IE7 Beta 2 Preview Available to the Public

Microsoft today made Internet Explorer 7 Beta 2 PREVIEW available to the public. Along with the download, they've posted a Developer and Web Developer Checklist to help you evaluate your sites, as well as the browser. Time to get to work! Happy testing... and don't forget to submit your feedback.

By Kimberly Blessing | January 31st, 2006

Star HTML and Microsoft IE7

Chris Wilson, Group Program Manager for IE Platform and Security at Microsoft, and Position is Everything's Big John Gallant have been having a conversation about * html in Microsoft's upcoming Internet Explorer 7 for Windows (IE7). Wilson has been encouraging CSS designers and developers to repair any bug-specific hacks ...

By Molly E. Holzschlag | December 22nd, 2005

A Final End to IE/Mac

Microsoft has announced that they will cease all support for IE/Mac as of December 31, 2005 and will cease all distribution of the software on January 31, 2006. While IE/Mac has become something of a red-headed stepchild in the past couple years, it has a proud history of standards-related achievements, most ...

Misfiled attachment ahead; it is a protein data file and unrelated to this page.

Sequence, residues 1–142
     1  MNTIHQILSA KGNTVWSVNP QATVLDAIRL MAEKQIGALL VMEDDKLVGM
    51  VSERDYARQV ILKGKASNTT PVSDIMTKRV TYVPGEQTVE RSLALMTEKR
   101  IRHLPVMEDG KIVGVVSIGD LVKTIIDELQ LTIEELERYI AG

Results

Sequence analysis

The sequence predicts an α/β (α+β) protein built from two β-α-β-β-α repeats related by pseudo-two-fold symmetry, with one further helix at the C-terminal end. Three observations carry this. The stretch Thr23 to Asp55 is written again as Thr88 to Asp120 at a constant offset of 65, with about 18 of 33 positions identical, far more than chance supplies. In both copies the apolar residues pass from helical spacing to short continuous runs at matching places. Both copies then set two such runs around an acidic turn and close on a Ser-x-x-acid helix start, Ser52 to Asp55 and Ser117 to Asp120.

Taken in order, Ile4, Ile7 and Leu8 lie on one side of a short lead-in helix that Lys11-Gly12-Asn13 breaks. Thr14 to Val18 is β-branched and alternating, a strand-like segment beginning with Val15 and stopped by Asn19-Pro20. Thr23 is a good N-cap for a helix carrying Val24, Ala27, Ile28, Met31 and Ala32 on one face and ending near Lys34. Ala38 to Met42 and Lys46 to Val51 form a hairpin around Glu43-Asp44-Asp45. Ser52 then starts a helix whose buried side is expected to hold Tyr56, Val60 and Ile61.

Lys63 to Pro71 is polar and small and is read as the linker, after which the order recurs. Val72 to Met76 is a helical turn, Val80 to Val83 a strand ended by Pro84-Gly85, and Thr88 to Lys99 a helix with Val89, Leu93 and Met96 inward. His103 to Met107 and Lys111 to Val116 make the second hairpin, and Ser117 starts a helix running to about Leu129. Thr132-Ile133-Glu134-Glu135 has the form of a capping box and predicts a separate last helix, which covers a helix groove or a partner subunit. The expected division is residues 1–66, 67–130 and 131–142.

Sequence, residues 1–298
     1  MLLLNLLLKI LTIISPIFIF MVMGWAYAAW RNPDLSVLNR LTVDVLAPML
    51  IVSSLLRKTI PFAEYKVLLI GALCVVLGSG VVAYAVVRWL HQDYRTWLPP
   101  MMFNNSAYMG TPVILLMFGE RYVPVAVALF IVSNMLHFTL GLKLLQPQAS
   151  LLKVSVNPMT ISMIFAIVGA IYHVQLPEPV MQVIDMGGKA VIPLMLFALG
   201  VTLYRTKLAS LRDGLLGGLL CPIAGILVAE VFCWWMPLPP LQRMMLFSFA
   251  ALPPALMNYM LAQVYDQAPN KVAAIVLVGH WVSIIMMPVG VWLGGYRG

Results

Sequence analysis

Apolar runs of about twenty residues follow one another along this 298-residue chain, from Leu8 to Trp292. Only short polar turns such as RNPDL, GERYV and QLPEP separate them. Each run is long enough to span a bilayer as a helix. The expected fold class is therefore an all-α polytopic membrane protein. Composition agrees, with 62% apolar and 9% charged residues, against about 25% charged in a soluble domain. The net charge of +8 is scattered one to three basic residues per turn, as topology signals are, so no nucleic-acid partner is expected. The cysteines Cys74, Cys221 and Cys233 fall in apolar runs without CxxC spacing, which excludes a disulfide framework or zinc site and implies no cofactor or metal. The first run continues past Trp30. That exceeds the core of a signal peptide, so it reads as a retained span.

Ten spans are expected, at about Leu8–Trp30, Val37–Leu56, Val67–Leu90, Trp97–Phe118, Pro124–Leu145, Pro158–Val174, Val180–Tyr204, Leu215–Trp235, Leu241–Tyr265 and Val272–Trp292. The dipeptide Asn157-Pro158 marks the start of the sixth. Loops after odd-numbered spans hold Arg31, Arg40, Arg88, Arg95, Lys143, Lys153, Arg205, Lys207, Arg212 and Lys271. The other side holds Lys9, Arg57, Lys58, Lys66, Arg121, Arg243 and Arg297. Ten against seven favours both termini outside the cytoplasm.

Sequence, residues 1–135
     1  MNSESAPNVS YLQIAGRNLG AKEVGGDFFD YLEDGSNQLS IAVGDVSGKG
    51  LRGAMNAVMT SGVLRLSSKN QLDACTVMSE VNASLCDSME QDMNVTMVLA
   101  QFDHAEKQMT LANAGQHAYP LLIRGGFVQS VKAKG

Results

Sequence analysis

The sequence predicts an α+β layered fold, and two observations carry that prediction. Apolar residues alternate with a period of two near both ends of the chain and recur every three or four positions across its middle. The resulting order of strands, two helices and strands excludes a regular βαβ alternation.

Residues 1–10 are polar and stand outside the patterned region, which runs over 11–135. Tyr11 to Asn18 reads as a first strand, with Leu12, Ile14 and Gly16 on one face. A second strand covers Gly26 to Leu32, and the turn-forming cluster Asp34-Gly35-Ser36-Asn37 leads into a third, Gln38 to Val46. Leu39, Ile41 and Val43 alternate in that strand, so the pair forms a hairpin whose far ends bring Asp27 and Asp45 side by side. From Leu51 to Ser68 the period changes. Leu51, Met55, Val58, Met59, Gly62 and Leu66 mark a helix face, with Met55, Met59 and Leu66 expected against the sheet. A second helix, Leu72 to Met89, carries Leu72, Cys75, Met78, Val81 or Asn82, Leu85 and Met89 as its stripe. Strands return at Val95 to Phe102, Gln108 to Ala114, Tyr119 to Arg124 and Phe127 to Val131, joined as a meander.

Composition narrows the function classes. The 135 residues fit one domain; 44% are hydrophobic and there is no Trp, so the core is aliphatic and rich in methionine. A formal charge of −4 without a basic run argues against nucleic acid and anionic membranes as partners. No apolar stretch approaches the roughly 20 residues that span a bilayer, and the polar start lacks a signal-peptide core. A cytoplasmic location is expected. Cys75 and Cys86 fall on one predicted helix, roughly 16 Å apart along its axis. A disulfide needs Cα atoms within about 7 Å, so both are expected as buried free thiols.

By Chris Kaminski | December 19th, 2005

The Bad Old Days Linger On

Most professional web developers understand why browser sniffing sucks, and have long since moved on to more robust techniques like object or property testing to make their sites degrade gracefully in less-capable user agents. But apparently Yahoo! Music didn't get the memo: their site still sniffs browsers, urging Firefox users ...